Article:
Deploying CogTool: Integrating Quantitative Usability Assessment into Real-World Software Development

Rachel Bellamy, Bonnie John, and Sandra Kogan
IBM T. J. Watson Research Center, USA; Carnegie Mellon University, USA; IBM Software Group, USA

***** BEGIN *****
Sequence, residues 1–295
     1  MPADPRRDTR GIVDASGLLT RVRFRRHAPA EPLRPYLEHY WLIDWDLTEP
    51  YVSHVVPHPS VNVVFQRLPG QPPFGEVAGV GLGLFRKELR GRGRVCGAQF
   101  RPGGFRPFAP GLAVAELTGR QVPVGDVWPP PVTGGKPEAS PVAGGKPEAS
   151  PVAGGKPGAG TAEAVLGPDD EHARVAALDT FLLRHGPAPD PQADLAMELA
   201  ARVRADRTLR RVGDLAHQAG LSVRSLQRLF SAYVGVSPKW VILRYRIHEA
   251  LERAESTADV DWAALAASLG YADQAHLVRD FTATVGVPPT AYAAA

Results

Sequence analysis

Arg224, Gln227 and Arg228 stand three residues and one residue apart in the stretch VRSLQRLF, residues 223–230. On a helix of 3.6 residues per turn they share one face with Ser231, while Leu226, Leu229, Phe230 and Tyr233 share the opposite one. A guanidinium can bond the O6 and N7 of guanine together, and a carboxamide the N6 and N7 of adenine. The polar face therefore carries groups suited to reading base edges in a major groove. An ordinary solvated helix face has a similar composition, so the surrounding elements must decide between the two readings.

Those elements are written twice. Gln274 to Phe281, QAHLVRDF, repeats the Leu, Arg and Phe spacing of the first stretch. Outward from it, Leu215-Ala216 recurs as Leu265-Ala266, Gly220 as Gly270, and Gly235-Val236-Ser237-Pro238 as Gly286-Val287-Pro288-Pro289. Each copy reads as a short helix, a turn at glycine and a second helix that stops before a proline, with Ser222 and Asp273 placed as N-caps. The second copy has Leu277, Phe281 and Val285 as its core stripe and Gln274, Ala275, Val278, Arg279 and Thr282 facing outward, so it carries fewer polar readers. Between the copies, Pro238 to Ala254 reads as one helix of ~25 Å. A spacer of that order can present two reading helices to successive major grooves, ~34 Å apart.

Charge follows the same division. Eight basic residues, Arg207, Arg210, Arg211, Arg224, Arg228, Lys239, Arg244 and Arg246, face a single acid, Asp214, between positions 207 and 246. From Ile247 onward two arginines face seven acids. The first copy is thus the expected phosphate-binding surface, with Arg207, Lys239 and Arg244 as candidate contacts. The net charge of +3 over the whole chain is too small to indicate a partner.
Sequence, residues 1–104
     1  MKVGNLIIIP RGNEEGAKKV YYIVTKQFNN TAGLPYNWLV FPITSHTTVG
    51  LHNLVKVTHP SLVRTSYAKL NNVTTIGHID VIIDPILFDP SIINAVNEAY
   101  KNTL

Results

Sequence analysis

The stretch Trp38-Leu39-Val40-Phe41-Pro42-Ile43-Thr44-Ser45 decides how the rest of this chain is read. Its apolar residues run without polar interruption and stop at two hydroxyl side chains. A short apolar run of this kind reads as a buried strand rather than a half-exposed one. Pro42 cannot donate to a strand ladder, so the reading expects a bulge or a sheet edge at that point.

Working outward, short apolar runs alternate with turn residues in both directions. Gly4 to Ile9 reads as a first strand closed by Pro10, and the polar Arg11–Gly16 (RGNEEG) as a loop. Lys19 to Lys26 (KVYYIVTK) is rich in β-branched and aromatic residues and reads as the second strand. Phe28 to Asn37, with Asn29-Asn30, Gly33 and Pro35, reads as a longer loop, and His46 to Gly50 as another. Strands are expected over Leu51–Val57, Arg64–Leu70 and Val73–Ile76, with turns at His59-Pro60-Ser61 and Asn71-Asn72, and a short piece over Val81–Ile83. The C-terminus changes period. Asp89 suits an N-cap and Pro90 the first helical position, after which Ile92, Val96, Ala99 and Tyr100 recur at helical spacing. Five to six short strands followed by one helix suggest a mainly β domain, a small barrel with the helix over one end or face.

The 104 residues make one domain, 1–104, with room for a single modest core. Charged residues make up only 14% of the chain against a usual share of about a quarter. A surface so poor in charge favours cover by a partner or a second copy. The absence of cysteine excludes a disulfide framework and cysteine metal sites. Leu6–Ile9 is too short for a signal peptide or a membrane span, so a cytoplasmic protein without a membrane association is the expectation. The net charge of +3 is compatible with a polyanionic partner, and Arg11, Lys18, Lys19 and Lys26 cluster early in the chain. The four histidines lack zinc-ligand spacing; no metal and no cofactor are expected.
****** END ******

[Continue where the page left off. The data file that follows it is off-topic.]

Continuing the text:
Usability concerns are often difficult to integrate into real-world software development processes. To remedy this situation, IBM research and development, partnering with Carnegie Mellon University, has begun to employ a repeatable and quantifiable usability analysis method, embodied in CogTool, in its development practice. CogTool analyzes tasks performed on an interactive system from a storyboard and a demonstration of tasks on that storyboard, and predicts the time a skilled user will take to perform those tasks. We discuss how IBM designers and UX professionals used CogTool in their existing practice for contract compliance, communication within a product team and between a product team and its customer, assigning appropriate personnel to fix customer complaints, and quantitatively assessing design ideas before a line of code is written. We then reflect on the lessons learned by both the development organizations and the researchers attempting this technology transfer from academic research to integration into real-world practice, and we point to future research to even better serve the needs of practice.